Literary History of Saskatchewan, Volume 3

7 August 2019

The Literary History of Saskatchewan: Volume 3 – Advances
edited by David Carpenter and Kelly-Anne Riess
Published by Coteau Books
Review by Keith Foster
$29.95 ISBN 978-1-55050-954-0

The Literary History of Saskatchewan: Volume 3 – Advances is Coteau Books’ third and final volume analyzing Saskatchewan’s proud literary tradition. Compiling and assessing a literary history of the province isn’t easy, especially when that history is ongoing. But editor David Carpenter, ably assisted by Kelly-Anne Riess, has done a commendable job in this Herculean task.

Carpenter divides Saskatchewan’s literary history into three segments. Volume 1 traced the accomplishments of writers from the oral traditions of First Nations storytellers and early European explorers to the burgeoning Saskatchewan literary world of the 1970s. Volume 2 carried on with Saskatchewan writers and their writing styles from the 1980s to the end of the twentieth century. Volume 3 brings Saskatchewan’s literary history up to date.

This three-volume scholarly study presents twelve essays by prominent Saskatchewan authors, with a heavy slant on Regina, where more than half of the essayists reside. All bring insights into Saskatchewan’s literary psyche.

Carpenter’s introduction is also a farewell as this collection is the last in the series under his superb stewardship. He notes that the methods of writing have changed drastically over the decades, with many upcoming writers “so young that they’ve never used a typewriter.”

A glance at the table of contents gives readers a fair idea of what to expect. Cassidy McFadzean’s essay, “Autonomy and the Female Artist,” analyzes the writing style of six outstanding women poets – Tracy Hamon, Shelley Leedahl, Jeanette Lynes, Louise Halfe (Saskatchewan’s first Poet Laureate), Kathleen Wall, and Sheri Benning.

In “This land is filled with ghosts,” Aidan Morgan explores trauma, memory, and place in the works of Guy Vanderhaeghe, Yann Martel, Candace Savage, and Sandra Birdsell. Kathleen Wall explores a variety of nonfiction from 1985 to the present.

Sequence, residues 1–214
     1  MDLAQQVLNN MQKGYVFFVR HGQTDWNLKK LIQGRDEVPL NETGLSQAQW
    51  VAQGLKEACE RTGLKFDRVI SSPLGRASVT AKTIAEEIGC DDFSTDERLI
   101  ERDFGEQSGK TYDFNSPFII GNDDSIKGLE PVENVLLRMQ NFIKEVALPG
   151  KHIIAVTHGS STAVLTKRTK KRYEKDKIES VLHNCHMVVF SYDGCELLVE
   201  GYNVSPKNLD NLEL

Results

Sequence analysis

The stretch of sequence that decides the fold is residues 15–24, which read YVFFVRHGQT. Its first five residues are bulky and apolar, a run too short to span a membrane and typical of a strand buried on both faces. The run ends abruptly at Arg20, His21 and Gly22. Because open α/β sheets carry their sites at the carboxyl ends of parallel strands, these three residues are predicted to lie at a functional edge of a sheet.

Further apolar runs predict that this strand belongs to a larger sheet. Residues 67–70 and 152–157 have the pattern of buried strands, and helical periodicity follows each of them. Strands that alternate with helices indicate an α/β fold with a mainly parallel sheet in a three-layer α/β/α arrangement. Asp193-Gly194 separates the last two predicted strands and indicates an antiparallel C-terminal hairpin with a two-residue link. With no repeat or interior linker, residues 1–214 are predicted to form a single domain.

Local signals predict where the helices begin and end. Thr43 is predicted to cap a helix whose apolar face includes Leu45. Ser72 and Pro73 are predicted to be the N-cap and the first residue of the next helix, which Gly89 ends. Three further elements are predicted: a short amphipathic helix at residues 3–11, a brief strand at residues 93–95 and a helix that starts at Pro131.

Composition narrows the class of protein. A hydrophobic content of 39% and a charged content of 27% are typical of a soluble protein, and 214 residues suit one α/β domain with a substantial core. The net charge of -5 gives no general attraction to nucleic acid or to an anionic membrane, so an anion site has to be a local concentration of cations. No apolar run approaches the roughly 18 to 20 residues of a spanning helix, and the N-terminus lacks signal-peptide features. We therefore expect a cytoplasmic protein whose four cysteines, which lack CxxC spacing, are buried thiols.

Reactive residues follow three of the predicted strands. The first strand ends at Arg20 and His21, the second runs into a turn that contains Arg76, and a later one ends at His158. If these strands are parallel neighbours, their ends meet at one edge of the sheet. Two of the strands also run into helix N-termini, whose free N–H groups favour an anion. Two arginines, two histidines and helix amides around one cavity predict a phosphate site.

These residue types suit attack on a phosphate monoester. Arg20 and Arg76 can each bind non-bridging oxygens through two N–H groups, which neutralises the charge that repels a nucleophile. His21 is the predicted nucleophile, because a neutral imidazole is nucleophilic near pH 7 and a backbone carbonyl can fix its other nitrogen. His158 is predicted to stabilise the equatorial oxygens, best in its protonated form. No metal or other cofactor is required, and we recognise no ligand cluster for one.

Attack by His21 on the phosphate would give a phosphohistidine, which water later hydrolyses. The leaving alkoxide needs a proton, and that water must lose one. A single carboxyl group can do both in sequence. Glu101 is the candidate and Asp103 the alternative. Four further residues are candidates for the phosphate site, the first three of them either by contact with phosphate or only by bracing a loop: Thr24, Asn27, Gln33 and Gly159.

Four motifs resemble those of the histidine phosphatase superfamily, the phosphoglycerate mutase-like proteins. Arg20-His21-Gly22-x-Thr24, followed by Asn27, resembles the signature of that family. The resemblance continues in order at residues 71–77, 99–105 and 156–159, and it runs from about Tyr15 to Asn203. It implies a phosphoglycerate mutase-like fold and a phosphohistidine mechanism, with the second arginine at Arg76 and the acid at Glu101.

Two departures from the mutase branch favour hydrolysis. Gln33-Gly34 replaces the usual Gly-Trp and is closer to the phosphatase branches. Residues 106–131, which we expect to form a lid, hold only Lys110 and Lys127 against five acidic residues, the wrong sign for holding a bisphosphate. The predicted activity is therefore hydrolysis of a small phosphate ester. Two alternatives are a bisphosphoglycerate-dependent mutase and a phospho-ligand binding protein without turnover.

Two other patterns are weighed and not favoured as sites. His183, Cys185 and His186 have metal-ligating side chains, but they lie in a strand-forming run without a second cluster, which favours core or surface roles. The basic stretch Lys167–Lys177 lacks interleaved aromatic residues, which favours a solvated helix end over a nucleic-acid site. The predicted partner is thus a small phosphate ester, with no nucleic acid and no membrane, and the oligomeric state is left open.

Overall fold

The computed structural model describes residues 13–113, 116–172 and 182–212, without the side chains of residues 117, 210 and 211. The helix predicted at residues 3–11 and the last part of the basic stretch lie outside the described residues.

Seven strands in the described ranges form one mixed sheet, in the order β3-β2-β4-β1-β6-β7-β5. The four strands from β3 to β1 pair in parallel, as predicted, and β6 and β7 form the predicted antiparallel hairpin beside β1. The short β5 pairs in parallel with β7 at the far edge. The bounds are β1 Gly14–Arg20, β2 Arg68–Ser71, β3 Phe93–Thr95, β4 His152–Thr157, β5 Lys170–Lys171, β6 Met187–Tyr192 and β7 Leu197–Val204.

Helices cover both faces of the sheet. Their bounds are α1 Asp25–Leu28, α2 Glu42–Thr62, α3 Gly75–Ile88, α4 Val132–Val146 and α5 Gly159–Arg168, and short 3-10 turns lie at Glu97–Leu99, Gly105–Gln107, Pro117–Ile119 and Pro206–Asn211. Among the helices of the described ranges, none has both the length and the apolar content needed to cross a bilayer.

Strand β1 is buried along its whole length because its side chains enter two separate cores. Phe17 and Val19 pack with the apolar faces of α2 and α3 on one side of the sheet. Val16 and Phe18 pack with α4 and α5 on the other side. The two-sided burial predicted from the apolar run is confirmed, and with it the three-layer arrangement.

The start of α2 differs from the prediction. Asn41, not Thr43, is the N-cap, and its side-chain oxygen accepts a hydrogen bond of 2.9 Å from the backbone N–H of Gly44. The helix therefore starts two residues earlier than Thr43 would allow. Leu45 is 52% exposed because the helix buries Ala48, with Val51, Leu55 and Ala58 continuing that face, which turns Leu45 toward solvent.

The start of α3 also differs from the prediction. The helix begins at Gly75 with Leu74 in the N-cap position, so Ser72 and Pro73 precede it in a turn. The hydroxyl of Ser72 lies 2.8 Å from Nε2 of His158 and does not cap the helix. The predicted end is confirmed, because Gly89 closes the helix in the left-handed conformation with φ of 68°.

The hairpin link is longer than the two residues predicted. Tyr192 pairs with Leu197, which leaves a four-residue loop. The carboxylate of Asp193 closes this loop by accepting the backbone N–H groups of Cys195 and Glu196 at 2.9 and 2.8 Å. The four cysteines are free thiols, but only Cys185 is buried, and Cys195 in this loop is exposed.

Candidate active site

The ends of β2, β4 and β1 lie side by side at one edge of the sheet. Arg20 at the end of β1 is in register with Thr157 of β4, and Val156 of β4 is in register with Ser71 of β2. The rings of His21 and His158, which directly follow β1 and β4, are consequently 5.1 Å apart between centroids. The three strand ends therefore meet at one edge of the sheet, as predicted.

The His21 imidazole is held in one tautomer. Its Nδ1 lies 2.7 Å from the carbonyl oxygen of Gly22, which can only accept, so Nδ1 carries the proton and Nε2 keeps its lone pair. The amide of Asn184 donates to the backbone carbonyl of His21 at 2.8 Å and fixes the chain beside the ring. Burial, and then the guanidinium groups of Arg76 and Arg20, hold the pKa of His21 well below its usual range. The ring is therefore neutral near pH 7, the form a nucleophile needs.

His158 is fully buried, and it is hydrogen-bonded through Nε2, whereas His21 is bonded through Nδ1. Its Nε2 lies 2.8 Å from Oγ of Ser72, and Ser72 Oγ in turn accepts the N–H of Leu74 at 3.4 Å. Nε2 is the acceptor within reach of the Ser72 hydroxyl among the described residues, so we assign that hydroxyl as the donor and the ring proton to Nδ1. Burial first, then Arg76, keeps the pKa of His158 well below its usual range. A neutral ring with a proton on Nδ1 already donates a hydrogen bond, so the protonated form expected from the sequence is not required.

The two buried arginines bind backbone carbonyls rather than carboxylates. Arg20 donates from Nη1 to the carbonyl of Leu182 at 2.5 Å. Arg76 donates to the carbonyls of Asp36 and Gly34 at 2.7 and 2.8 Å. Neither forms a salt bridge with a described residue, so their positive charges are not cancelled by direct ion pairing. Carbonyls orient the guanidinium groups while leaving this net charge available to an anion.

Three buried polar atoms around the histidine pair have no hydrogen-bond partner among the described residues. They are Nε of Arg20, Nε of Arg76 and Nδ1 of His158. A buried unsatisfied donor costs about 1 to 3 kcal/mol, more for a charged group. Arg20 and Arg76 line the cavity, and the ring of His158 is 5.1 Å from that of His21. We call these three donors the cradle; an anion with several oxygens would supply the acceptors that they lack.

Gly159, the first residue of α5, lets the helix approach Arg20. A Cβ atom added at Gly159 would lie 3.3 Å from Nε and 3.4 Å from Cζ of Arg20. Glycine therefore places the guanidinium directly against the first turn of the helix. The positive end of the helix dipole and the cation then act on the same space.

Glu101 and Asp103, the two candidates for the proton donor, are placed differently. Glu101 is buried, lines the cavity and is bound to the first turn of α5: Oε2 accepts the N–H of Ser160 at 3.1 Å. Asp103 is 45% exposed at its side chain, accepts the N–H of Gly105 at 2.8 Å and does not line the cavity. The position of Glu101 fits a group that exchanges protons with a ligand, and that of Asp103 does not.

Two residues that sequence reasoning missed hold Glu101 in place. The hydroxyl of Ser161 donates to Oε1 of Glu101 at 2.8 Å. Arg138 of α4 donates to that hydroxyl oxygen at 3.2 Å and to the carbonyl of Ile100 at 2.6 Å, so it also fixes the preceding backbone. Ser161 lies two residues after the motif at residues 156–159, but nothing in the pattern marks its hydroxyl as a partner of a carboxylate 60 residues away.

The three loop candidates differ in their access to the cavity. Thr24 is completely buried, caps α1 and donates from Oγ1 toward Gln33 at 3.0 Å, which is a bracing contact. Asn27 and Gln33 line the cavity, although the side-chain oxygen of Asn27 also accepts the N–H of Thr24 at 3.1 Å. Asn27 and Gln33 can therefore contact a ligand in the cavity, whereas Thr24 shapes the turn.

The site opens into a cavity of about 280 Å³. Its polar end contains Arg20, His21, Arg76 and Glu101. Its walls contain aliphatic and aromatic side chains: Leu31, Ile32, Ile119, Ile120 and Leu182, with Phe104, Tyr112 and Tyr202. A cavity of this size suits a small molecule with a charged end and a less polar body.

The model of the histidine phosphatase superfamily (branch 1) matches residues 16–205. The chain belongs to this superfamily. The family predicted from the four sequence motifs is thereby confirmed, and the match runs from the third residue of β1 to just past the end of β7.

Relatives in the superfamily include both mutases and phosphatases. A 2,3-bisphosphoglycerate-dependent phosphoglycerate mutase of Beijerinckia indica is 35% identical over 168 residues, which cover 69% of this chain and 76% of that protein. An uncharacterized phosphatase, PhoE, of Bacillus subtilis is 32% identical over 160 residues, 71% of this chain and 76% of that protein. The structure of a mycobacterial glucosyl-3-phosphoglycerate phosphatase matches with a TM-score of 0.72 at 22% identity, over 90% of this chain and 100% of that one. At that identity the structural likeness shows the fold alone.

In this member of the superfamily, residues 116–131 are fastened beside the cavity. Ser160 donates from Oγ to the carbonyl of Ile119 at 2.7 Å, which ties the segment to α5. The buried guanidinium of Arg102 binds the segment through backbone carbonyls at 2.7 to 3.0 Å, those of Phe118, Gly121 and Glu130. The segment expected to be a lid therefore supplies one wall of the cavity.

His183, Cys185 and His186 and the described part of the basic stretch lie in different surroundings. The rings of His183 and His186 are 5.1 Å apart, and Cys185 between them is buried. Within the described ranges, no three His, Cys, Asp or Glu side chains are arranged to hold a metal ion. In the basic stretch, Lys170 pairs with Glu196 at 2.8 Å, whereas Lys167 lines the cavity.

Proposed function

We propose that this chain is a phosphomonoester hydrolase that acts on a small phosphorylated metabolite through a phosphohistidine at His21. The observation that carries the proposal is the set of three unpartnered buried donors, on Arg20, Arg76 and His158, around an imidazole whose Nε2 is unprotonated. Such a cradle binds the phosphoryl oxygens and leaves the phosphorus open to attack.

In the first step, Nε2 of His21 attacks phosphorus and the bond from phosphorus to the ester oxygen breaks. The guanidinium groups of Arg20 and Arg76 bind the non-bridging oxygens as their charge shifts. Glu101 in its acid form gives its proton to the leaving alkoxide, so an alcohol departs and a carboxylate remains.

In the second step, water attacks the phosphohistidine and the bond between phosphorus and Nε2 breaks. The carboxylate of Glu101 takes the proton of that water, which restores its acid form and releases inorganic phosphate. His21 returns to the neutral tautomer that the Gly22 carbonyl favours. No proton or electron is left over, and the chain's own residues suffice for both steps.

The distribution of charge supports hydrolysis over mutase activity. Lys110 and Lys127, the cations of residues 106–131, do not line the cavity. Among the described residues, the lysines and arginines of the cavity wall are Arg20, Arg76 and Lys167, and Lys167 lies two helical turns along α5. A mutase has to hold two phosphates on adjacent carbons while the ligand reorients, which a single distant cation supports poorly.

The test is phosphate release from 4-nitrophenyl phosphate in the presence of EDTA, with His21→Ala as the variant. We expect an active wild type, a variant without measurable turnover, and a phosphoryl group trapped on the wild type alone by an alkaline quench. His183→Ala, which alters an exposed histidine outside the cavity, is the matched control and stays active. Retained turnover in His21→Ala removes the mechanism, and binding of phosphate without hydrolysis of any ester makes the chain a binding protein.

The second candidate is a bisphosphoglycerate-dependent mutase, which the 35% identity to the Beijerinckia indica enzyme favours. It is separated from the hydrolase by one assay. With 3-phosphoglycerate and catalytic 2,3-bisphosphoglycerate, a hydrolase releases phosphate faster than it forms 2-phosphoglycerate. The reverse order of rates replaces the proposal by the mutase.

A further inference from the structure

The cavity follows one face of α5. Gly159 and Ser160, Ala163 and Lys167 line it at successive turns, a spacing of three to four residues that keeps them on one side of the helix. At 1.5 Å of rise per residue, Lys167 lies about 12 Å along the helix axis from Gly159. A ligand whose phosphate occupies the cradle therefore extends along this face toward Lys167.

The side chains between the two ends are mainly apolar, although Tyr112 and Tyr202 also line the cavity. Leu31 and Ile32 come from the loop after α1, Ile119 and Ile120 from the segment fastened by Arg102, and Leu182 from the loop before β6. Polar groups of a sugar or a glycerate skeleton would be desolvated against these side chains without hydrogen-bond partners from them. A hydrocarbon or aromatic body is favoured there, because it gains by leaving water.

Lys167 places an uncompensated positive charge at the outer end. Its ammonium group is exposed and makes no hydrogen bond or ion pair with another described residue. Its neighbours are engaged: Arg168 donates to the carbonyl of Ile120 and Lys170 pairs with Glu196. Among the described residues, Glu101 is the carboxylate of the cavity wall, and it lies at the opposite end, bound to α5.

Other topics include Saskatchewan mysteries, young adult writers and the power of the written word, and Saskatchewan poetry in the new millennium. Each essay ends with a list of works cited. The Literary History of Saskatchewan also includes an indispensable index and brief biographies of the essayists. In this array of topics, the essayists examine Saskatchewan literature to determine what makes it so distinctive. It appears to be more than just an emphasis on a sense of place.

A photo gallery features eleven black and white photos of prairie icons such as Robert Currie, Dave Margoshes, Alice Kuipers, Trevor Herriot, the father-daughter team of Bob and Alison Calder, and Saskatchewan literature’s Fab Four – Marliss Wesseler, Connie Gault, Dianne Warren, and Bonnie Burnard. These authors represent but the tip of the iceberg that is Saskatchewan literature.

Each decade seems to produce another bumper crop of emerging Saskatchewan writers. It is perhaps fair then to say this “final” volume of The Literary History of Saskatchewan: Volume 3 – Advances may be only temporary. As new crops of writers emerge, one hopes that future editors and publishers will reap another bountiful harvest similar to this one.


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